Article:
There are two organization mechanisms within rules that you can use to help keep your rules nice and tidy. Every rule is capable of functioning entirely on its own, however there are many instances where you may have two or more rules that work together to complete a task. In these cases, it's a good management practice to keep these rules organized together so that they can be easily updated, imported, exported, enabled, disabled, and/or debugged.
Rules in a rule group always share the same event. When rules that are triggered by different events need to be organized together, a rule "set" should be used. Any rule can easily be turned into a rule group by clicking the button with the "plus" icon (which will add a "sub-rule").
When you add a new "sub-rule" to an existing rule, the rules together become a "rule group". The sub-rule(s) of the parent rule will only be evaluated if the parent rule conditions are met. What this does is allow the sub-rules to essentially inherit any conditions put on the parent rule since if the parent rule conditions are not met, then the sub-rules will not be processed either. Of course, additional conditions may also be placed on the sub-rule(s) to further limit the situations for which actions attached to the sub-rule should be taken.
Any time that two rules share the same event and one or more conditions, then that is an opportunity to organize them into a rule group. When you are creating a rule group, it is important that the parent rule only contain the conditions which are common to all of the sub-rules. The benefit of organizing rules into rule groups is that when you need to tweak a condition which is common to the whole group, you only need to do it in one place (the parent rule) instead of having to keep the same condition updated on each of the sub-rules.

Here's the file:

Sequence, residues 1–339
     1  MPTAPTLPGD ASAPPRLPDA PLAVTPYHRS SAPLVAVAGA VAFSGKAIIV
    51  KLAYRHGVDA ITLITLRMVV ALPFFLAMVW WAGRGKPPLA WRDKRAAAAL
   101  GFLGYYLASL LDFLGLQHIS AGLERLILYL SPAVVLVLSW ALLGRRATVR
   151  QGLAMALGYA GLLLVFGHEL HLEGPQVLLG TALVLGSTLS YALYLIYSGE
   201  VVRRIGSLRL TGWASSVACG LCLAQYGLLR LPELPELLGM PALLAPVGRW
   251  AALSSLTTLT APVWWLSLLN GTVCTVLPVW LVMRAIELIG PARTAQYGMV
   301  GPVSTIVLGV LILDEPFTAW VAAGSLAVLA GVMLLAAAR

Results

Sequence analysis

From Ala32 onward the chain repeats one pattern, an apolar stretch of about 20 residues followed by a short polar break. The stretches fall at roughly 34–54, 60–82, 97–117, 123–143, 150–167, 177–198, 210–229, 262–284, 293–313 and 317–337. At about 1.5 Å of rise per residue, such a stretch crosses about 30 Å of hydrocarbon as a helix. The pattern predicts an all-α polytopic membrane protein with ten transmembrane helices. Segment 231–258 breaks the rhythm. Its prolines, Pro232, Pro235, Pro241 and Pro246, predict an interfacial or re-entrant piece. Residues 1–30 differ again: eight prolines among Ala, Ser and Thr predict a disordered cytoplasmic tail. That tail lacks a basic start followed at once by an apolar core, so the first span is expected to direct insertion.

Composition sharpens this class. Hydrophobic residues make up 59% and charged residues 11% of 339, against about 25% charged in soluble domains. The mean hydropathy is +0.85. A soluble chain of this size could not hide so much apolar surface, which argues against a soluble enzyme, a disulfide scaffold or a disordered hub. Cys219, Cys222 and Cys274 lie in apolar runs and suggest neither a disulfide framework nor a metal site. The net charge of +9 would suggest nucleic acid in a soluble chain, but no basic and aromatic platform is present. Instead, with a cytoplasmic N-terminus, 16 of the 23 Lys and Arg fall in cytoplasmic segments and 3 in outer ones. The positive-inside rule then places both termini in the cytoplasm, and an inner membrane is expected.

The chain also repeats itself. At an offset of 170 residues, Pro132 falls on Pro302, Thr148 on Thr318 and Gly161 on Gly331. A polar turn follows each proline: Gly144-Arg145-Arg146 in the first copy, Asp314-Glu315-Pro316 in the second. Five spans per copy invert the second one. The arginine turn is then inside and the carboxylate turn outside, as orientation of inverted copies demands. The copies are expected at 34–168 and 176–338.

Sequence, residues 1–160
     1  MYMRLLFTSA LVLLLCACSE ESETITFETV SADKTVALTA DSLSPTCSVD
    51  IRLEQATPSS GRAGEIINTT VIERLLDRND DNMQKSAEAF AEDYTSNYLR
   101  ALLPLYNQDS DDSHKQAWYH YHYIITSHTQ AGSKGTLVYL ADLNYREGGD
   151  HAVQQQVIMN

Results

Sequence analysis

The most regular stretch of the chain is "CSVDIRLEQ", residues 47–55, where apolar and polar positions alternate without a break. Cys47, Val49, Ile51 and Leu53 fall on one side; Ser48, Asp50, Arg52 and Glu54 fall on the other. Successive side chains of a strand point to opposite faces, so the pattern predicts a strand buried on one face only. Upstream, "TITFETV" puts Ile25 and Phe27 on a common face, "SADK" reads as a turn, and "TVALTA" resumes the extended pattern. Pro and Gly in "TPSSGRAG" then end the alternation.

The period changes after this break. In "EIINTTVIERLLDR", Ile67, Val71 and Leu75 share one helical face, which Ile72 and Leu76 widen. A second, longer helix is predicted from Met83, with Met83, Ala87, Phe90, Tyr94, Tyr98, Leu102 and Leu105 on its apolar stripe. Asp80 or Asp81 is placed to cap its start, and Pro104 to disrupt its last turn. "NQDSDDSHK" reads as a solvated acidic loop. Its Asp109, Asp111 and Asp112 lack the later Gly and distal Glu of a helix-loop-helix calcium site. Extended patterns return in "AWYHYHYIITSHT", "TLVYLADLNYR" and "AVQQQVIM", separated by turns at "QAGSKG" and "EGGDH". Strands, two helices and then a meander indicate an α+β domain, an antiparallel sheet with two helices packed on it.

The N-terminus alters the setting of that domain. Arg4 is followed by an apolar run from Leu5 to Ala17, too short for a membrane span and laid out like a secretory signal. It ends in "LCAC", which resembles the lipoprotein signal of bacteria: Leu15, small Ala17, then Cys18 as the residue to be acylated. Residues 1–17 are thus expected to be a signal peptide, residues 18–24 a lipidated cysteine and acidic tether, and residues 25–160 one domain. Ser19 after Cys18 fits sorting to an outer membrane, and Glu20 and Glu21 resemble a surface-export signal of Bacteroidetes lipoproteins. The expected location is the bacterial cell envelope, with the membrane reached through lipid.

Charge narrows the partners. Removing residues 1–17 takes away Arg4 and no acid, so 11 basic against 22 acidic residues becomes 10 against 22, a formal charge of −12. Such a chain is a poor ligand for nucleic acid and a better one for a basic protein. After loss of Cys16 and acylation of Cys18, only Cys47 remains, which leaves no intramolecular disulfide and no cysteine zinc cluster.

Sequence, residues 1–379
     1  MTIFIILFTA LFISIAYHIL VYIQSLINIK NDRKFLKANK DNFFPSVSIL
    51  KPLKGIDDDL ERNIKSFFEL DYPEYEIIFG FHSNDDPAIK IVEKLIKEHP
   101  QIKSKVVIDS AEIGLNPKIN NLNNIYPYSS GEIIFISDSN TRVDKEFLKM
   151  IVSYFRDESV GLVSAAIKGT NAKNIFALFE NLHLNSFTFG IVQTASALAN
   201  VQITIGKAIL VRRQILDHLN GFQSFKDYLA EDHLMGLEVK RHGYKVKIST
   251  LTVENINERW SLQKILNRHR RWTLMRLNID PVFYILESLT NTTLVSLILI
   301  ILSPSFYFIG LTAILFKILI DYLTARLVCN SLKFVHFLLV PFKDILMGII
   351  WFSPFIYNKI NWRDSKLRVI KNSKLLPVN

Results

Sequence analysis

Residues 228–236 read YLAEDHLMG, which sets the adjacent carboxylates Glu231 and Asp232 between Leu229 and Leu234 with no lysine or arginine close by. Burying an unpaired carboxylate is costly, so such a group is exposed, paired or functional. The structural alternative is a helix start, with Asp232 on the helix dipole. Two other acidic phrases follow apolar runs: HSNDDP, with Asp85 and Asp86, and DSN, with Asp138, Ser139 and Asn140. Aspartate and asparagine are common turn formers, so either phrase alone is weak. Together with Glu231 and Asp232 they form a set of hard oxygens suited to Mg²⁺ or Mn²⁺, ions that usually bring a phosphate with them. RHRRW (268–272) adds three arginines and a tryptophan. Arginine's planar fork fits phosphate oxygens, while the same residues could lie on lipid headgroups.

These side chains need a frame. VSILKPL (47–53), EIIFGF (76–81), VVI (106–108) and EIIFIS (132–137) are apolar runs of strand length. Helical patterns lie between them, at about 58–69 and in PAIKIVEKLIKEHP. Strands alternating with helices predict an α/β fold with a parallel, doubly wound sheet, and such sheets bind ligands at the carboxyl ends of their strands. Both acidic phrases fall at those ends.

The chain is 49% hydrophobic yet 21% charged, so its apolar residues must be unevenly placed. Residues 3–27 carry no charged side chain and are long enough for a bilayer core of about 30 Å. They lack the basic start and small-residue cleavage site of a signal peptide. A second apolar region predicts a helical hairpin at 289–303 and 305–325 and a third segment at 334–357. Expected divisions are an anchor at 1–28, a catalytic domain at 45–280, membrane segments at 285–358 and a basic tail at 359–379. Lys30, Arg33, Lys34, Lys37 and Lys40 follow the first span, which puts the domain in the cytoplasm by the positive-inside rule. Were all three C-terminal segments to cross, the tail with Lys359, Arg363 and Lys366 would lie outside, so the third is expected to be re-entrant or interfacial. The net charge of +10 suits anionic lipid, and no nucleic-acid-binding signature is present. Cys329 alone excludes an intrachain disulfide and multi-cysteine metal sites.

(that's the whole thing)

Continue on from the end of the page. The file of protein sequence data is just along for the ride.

Rule sets allow you to organize rules which work together as part of the same purpose or goal. A rule operates the exact same way inside of a set as it does outside of a set, however, placing rules into a rule set allows you to easily enable, disable, export, delete, or debug all of the rules in the set at the same time. In other words, rule sets are like "folders" for your rules to be filed in.
As an example, you may have a series of rules set up on your site that are designed to help keep members engaged by creating "congratulations" notifications when they reach certain milestones, and then sending follow up emails if they become idle. Those rules could be placed together inside of a rule set titled "Member Engagement Rules" for convenience.